Many of the recent articles about clergy burnout suggested that it's a symptom of cognitive dissonance: pastors think their job ought to be a particular kind of work and are frustrated when it ends up involving something else. None of the media coverage, however, offered a compelling description of the call to ministry itself.
In September 2010, four gay children died from bullying. Children are
being bullied, tormented and abused for many different reasons, and
there is a distinct upswing on bullying in our schools. Please take
this to prayer with me.
Their stories are too little told—the stories of U.S. servicemen and women of devout religious faith who, often at great cost, stood up to protest the use of torture in the American open-ended war on terror.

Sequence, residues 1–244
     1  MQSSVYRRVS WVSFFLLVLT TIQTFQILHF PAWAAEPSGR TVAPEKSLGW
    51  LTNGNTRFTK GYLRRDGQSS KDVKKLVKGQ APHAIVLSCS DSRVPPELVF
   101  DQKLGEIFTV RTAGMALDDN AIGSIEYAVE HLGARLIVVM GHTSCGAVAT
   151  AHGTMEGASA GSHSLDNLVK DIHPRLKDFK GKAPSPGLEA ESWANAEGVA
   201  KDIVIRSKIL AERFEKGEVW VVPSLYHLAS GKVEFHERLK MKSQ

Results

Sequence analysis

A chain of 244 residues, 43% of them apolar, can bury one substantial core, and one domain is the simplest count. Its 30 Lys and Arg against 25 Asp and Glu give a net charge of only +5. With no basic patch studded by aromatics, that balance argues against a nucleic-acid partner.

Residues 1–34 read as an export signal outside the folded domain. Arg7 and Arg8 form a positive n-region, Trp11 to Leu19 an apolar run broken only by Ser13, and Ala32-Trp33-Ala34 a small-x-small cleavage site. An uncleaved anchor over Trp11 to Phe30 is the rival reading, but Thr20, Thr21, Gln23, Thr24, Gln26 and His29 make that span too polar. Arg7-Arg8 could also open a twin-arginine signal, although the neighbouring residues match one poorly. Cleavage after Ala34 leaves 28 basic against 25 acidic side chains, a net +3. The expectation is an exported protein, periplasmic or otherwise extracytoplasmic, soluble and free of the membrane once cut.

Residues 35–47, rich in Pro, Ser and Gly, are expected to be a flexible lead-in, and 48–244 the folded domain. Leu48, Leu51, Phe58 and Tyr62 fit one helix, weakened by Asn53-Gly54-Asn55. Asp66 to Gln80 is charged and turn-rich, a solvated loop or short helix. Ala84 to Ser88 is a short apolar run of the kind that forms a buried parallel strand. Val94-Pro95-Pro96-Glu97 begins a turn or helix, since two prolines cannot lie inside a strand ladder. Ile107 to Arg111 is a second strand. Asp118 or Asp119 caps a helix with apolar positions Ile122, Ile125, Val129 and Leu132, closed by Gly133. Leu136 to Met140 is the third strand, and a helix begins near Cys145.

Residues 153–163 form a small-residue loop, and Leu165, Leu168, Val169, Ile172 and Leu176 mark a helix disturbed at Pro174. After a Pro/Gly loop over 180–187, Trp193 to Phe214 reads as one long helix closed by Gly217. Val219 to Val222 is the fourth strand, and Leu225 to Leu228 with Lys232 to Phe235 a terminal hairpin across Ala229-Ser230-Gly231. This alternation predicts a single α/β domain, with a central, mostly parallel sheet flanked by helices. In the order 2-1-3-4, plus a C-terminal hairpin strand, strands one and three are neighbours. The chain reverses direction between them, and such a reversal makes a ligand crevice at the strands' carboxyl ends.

Over the years, I have kept coming back to the
words of Edwin Friedman, “Stress comes less from overwork than from
taking responsibility for the problems of others.” We can adapt these
words for church finance: “Stress comes less from money challenges than
from taking responsibility for the money problems of others.”
As yet another megachurch pastor grabs national headlines for alleged sexual indiscretions, I’m tempted to skip the story entirely. I’d rather pretend that the civil lawsuits accusing Bishop Eddie Long of sexual misconduct don’t concern me.
Gretta Vosper, a United Church of Canada pastor in Toronto, is prepared to fight a process that could defrock her. An avowed atheist, she maintains that behavior, not doctrine, should be the foundation of the church. She has the backing of her current members, but about 100 of the 150 people in her congregation left in 2008 after she did away with the Lord’s Prayer. A review process has been launched by the United Church’s General Council to examine whether Vosper has violated her ordination vows, which include affirming belief in a triune God (Globe and Mail, August 5).